WASHINGTON—CIA Director Porter Goss faced tough questions Thursday after a speech to agency employees marking his one-year anniversary as head of the troubled spy agency, current and former intelligence officials said.
The unusually caustic session in the CIA auditorium underscored what current and former officials said are serious morale problems caused by the leadership style of Goss and his top aides and the departures of experienced senior intelligence officers from an agency on the front line of the fight against terrorism.
One intelligence official termed the session "bizarre" and suggested it was symptomatic of deeper turmoil at the agency.
Robert Richer, the No. 2 official in the agency's covert Directorate of Operations, the spy service, announced his resignation earlier this month, the latest in a string of top CIA managers who've left since Goss took over.
Another senior officer in the operations directorate who works on weapons of mass destruction issues and whose identity is kept secret informed his staff Thursday that he's also leaving, according to a former top CIA official.
Goss called an "all hands" meeting Thursday at a white-domed auditorium at CIA headquarters known as "the Bubble" to sketch out his vision for the agency's future.
According to a text of the speech provided by the CIA, Goss said that the agency has helped in the capture and killing of "dozens of high-level" al-Qaida operatives and "our efforts have unquestionably saved American lives at home and abroad."
The CIA is becoming "more unilateral" and less dependent on the spy services of other countries and is recruiting more agents, he said. It also has opened more stations overseas, is stepping up the recruitment of foreign-language speakers, including newly naturalized Americans, and is finding ways to put more officers in more places.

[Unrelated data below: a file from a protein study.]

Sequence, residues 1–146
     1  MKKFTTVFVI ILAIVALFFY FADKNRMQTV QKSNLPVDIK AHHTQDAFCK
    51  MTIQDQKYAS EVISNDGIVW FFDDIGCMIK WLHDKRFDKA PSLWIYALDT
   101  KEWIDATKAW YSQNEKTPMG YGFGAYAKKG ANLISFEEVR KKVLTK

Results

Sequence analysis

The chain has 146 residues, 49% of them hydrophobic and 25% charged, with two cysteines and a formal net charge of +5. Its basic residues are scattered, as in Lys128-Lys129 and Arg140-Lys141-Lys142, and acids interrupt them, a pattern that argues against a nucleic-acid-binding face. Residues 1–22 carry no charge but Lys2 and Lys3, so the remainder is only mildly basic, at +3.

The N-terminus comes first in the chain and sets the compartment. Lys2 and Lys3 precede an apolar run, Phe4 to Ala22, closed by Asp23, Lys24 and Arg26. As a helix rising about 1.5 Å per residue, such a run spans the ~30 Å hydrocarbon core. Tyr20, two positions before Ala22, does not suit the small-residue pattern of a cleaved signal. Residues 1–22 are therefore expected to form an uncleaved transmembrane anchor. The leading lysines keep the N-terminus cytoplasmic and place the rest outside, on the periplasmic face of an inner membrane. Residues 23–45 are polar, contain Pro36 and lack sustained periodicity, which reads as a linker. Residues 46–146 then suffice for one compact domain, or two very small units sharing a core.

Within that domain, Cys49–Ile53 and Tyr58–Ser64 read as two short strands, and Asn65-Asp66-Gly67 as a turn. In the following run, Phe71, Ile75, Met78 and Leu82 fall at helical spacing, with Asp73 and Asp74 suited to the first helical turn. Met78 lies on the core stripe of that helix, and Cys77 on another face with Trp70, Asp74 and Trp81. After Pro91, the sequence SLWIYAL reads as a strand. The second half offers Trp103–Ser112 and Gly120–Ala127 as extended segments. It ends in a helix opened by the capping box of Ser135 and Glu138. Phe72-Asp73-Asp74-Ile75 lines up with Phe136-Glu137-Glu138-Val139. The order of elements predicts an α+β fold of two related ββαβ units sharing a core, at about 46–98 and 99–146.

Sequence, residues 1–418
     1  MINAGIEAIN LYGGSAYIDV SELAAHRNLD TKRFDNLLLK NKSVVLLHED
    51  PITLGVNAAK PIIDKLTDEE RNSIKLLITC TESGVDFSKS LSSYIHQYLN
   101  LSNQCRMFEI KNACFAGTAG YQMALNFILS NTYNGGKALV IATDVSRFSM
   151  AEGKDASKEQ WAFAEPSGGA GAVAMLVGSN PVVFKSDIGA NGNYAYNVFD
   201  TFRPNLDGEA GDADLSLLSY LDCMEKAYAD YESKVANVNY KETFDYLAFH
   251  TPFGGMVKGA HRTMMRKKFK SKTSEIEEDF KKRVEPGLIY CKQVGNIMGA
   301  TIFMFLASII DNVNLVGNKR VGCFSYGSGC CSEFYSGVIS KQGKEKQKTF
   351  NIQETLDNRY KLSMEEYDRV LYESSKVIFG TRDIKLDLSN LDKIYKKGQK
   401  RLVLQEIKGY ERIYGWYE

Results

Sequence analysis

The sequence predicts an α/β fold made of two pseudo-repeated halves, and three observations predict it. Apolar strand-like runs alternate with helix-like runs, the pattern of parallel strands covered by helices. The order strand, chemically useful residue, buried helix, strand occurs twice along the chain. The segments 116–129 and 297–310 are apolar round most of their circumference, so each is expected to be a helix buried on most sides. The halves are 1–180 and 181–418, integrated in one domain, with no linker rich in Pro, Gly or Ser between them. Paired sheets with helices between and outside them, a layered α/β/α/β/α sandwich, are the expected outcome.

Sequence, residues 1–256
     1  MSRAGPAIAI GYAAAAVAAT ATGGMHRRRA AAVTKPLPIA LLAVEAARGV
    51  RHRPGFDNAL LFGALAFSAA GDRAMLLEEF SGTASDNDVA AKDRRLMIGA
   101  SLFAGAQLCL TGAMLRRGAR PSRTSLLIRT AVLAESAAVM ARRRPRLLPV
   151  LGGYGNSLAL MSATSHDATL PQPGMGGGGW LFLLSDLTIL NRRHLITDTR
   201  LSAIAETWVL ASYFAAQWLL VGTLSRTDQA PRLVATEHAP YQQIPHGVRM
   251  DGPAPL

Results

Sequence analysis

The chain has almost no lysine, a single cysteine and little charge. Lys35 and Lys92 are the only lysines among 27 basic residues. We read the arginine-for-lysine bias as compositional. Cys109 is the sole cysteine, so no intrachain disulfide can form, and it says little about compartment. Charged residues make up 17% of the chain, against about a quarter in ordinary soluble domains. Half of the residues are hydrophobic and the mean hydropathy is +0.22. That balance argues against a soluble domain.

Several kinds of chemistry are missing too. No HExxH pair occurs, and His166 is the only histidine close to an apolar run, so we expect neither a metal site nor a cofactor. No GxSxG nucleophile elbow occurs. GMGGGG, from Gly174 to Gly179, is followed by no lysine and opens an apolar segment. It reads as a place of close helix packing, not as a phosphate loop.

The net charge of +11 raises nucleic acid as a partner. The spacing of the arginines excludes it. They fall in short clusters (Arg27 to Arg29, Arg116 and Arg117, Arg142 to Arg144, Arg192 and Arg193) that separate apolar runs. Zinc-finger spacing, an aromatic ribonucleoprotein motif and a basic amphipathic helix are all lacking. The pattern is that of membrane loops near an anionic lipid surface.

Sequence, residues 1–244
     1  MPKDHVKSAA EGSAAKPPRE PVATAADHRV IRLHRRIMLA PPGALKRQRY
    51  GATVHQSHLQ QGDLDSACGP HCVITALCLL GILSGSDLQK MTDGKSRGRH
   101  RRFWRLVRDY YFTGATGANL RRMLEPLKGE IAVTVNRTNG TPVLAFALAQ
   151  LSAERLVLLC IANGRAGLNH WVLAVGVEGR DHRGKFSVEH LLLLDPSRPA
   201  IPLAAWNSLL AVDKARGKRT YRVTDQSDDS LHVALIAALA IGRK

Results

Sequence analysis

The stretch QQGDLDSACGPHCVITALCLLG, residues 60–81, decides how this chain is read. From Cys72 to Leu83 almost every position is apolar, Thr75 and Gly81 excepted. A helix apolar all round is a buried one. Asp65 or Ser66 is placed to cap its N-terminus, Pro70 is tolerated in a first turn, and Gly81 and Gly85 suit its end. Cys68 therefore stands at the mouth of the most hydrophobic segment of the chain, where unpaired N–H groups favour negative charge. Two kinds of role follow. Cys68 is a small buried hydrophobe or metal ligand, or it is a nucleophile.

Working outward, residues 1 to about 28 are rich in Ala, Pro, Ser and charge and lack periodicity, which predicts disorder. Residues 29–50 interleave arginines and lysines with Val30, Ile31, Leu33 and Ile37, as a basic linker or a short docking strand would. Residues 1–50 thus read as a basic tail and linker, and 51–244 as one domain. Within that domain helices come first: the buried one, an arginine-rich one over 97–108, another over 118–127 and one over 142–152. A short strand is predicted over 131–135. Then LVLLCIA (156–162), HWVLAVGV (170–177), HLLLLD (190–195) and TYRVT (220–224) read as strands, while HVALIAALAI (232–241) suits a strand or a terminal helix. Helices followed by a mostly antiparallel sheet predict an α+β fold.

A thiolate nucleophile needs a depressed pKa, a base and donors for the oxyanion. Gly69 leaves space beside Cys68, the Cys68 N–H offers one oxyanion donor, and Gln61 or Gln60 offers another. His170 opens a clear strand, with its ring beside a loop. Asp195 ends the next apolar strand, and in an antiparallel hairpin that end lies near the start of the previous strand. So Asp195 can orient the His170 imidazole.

In a question-and-answer session, several CIA officers expressed unhappiness, according to an official who witnessed the exchange.
"With all due respect ... I love the agency and respect you. It was a vanilla speech," one officer was quoted as telling Goss, pleading for "meat to chew on."
A second officer raised concerns about Richer's departure and the state of the operations directorate. In November, the top two leaders of the directorate, Steven Kappes and Michael Sulick, quit in a dispute with aides that Goss, a former Florida congressman, brought with him from Capitol Hill.
The current and former officials who described the session spoke on condition of anonymity because of their jobs, but said they were speaking out because of concern over the state of the CIA.
Officials previously have said that Goss has delegated extraordinary powers to his Capitol Hill aides in an effort to revamp the agency after it was stung by failures before the Sept. 11 terrorist attacks and inaccurate pre-war assessments of Iraq's weapons programs.
Paul Gimigliano, a CIA spokesman, declined to discuss specific exchanges between Goss and his audience.
"These are big issues out there for the agency to tackle. Mr. Goss is a strong believer in open communication within the CIA family," he said.
James Pavitt, Kappes' predecessor as chief of the agency's covert wing, said that while he hadn't yet heard of Thursday's exchanges, he wasn't surprised "that there is great, great unhappiness on the part of the men and women of the CIA," citing what he called a "lack of leadership."
The CIA has faced diminished status since the creation earlier this year of the new post of director of national intelligence, which took over the CIA director's job of overseeing all 15 U.S. intelligence agencies.
(c) 2005, Knight Ridder/Tribune Information Services.
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